The lucky residents of Huntingdon, a town long seen by many as typical of Middle England, will be the first to trial G.fast, BT's latest implementation of superfast broadband.
G.fast will be rolled out to two thousand homes and businesses in the town, as part of a trial that should deliver speeds of up to 330Mbps or "more than ten times the current UK average", BT said in a statement.
The G.fast standard, which was first approved in April last year, uses time-division duplexing (TDD) as opposed to ADSL2 and VDSL2, which use frequency division duplexing. The discontinuous nature of TDD can be exploited to support low-power states, in which the transmitter and receiver remain disabled for longer intervals than would be required for alternating upstream and downstream operation.
The Huntingdon trial is delivered by BT's Openreach business, which is currently under scrutiny by telecoms regulator Ofcom. Ofcom is currently considering whether Openreach should be split off from BT to improve competition in the broadband market.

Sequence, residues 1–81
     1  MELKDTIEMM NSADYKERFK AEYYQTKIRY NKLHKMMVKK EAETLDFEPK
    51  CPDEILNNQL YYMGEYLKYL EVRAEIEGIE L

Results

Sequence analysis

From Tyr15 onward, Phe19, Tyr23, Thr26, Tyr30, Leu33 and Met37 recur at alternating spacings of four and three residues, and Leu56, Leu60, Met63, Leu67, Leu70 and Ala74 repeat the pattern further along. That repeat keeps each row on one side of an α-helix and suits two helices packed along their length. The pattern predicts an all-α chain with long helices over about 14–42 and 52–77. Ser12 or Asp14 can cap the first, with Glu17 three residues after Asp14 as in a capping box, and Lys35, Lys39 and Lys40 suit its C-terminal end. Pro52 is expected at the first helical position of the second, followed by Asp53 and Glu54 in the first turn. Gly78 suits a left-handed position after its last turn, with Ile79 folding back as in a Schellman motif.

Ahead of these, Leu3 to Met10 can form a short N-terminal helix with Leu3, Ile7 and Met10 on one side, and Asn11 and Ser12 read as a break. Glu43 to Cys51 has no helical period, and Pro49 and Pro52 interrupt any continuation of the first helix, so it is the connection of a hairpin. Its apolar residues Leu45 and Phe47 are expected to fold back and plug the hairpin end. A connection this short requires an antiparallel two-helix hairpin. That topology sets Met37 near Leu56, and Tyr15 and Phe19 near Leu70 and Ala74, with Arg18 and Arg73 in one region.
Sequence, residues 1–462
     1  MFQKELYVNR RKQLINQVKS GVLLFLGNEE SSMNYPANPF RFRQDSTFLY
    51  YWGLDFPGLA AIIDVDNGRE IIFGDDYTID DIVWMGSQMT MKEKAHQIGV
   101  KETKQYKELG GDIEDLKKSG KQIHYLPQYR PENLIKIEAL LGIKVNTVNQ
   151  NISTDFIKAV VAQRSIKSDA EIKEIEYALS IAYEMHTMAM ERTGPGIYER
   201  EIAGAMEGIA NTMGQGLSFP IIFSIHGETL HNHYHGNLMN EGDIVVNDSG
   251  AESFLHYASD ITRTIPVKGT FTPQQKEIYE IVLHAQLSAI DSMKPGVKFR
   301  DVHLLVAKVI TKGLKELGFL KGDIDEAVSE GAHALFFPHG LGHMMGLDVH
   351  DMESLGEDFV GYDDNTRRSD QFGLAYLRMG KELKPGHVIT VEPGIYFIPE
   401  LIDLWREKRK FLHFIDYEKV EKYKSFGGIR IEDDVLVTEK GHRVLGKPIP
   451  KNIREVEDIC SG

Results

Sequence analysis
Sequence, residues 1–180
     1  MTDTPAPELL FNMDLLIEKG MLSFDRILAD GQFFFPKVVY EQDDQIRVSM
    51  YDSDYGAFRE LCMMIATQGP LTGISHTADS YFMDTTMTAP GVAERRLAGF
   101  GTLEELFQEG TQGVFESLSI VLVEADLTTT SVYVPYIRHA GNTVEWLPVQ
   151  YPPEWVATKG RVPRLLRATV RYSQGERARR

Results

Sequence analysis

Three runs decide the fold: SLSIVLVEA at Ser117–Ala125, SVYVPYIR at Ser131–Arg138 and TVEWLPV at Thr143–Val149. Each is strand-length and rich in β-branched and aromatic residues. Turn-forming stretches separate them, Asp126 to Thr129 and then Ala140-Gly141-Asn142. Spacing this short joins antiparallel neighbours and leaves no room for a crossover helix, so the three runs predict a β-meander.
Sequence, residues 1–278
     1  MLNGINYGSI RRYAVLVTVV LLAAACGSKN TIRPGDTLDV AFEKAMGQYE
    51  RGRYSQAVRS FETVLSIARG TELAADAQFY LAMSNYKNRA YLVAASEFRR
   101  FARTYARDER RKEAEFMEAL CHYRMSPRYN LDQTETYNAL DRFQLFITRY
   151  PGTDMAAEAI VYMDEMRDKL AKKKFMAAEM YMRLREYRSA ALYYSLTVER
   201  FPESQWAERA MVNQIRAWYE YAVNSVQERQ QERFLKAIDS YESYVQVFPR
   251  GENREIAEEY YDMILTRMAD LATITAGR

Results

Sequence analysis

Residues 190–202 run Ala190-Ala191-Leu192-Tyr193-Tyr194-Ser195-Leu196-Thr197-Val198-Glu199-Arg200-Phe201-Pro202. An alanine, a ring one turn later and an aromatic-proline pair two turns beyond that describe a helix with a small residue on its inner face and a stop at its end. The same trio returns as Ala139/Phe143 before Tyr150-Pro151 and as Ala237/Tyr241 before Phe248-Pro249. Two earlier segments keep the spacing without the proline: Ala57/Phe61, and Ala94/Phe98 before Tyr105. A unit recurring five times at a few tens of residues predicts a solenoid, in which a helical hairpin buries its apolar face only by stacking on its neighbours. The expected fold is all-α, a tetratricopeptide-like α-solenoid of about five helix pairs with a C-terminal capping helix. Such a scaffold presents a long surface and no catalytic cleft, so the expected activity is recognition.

BT appears to be making a reference to this situation when talking about the future rollout of G.fast, noting: "If trials like the one in Huntingdon prove successful - and if UK regulation continues to encourage investment - Openreach aims to start deploying G.fast in 2016/17 alongside its fibre-to-the-cabinet and fibre-to-the-premises services."
According to BT, G.fast changes the way today's broadband is transmitted, delivering ultrafast speeds that currently require fibre to be run all the way to the premises (FTTP). "This is significant as it will enable Openreach to make ultrafast broadband available to a much larger number of homes and businesses, and in a shorter timeframe, than if it had focused on FTTP alone," said BT in its statement.
BT's Openreach CEO Joe Garner said that the G.fast standard will be available for all its customers including other vendors on the same basis as it is for BT.
"Our experts have been heavily involved in creating global industry standards for this technology," Garner said in a statement. "We're now eager to support all our service providers in learning how customers enjoy the service."
The trial will run for six to nine months. During this period, Openreach, "and its 8 communications provider trialists, as well as BT's R&D division", will assess the technical performance of the technology across a large footprint.